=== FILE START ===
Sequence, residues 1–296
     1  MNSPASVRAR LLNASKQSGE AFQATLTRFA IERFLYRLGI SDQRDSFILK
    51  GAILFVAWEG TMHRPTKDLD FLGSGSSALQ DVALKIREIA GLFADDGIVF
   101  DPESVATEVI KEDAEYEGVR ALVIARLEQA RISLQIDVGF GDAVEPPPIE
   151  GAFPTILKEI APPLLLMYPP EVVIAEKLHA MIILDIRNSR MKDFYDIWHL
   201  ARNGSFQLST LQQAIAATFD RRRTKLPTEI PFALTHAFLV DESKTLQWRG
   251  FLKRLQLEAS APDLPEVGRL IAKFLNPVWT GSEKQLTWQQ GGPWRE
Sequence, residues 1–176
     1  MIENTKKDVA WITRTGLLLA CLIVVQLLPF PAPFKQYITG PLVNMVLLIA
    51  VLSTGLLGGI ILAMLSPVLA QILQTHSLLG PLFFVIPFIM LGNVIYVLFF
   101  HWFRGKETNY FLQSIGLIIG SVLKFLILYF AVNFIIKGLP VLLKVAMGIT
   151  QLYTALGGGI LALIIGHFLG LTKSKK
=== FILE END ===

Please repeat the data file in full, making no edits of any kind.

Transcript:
Sequence, residues 1–296
     1  MNSPASVRAR LLNASKQSGE AFQATLTRFA IERFLYRLGI SDQRDSFILK
    51  GAILFVAWEG TMHRPTKDLD FLGSGSSALQ DVALKIREIA GLFADDGIVF
   101  DPESVATEVI KEDAEYEGVR ALVIARLEQA RISLQIDVGF GDAVEPPPIE
   151  GAFPTILKEI APPLLLMYPP EVVIAEKLHA MIILDIRNSR MKDFYDIWHL
   201  ARNGSFQLST LQQAIAATFD RRRTKLPTEI PFALTHAFLV DESKTLQWRG
   251  FLKRLQLEAS APDLPEVGRL IAKFLNPVWT GSEKQLTWQQ GGPWRE
Sequence, residues 1–176
     1  MIENTKKDVA WITRTGLLLA CLIVVQLLPF PAPFKQYITG PLVNMVLLIA
    51  VLSTGLLGGI ILAMLSPVLA QILQTHSLLG PLFFVIPFIM LGNVIYVLFF
   101  HWFRGKETNY FLQSIGLIIG SVLKFLILYF AVNFIIKGLP VLLKVAMGIT
   151  QLYTALGGGI LALIIGHFLG LTKSKK